I shivered involuntarily at her description, hugging myself tighter. “Is that us?” I asked. “Do you think we’re being punished for being ungrateful? For having too much?”

She looked at me. The reflected lights from the TV screen coloured her face in sequence, first red, now white, then blue. “I don’t know. Maybe?” She had a sad smile. “I don’t want this to be the end of the world, Dani. This can’t be the end. I feel fine.”

I nodded. Perhaps it was the end, and it simply wasn’t coming in a hurry, but I too felt no fear. I reached across and took her hand. In fact, I felt pretty psyched.

writing March 26, 2016

On finding a writing community 


One of the pieces of advice that comes up a lot on writing sites, writing forums, and articles with titles like 'The Top 10 Amazing Habits of Successful Writers', is to connect with a like-minded community of fellow writers, hopefully at the same stage in their careers as you are. As well as providing an occasional sounding board and a place to share common frustrations and triumphs, it can also be a helpful resource for learning of opportunities -- competitions or open calls for submissions, that kind of thing -- and getting early notification of new resources.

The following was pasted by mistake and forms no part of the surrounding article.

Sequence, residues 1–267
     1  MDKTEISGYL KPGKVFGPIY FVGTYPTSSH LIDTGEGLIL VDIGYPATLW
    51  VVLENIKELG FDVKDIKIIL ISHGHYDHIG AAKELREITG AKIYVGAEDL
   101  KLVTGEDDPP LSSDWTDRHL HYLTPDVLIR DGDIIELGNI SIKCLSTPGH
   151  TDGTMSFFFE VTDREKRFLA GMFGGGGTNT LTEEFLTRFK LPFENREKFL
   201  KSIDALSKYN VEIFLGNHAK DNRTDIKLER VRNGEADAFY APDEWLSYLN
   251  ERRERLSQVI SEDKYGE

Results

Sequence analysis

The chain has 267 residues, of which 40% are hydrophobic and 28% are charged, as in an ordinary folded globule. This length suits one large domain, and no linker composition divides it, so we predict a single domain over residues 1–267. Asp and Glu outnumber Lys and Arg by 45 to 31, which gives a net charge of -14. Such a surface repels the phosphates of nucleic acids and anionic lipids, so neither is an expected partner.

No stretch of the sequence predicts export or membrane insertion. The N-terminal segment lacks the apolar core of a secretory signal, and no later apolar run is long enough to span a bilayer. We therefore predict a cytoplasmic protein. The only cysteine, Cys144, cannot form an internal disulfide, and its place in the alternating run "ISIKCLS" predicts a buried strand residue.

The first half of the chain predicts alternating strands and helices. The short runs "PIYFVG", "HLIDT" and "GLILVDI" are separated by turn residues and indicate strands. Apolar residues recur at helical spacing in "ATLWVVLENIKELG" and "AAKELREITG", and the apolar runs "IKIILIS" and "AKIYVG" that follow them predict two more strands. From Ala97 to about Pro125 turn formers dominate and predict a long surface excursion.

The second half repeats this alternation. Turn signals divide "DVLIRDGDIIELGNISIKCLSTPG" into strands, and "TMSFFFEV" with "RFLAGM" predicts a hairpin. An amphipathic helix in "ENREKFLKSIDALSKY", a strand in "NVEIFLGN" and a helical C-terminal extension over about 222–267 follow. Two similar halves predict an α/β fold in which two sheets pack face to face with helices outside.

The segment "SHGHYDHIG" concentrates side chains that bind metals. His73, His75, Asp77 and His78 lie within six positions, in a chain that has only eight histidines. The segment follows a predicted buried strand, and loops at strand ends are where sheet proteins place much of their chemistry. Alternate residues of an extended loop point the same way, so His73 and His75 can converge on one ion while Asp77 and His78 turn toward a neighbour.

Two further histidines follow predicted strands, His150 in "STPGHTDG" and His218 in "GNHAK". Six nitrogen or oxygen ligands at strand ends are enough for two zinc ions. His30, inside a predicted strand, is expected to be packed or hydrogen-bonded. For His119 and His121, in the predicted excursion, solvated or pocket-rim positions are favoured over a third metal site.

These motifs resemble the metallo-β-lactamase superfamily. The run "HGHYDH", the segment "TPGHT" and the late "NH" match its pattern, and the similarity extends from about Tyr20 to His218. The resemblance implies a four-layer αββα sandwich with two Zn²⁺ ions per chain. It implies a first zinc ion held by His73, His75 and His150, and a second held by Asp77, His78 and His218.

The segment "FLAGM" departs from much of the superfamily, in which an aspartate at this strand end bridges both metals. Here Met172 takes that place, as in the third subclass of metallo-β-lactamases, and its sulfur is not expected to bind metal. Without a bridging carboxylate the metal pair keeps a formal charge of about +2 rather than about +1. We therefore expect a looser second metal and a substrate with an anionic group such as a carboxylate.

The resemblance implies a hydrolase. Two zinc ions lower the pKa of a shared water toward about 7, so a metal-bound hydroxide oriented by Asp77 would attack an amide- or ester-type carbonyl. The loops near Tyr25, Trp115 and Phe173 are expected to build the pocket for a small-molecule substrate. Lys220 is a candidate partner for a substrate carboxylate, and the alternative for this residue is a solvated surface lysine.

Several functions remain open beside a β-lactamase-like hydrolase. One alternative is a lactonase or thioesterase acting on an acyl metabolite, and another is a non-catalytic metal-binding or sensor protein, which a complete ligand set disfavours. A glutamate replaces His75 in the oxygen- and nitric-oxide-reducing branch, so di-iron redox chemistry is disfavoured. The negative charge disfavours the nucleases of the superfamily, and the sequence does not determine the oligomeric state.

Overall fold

Today, I decided I should probably look into that.


I already follow a few writing-related bits and pieces on Twitter, so I started by moving those into a new list. They were mostly resource-related; podcast hosts like Iain Broome and Mur Lafferty, link curation accounts like @AdviceToWriters and @ToWriteBetter, and a handful of 'proper' writers (I've never really seen the point of following celebrity accounts, yet somehow Stephen King, Douglas Coupland, Guy Gavriel Kay and Rhianna Pratchett had made it onto my Following list over the years).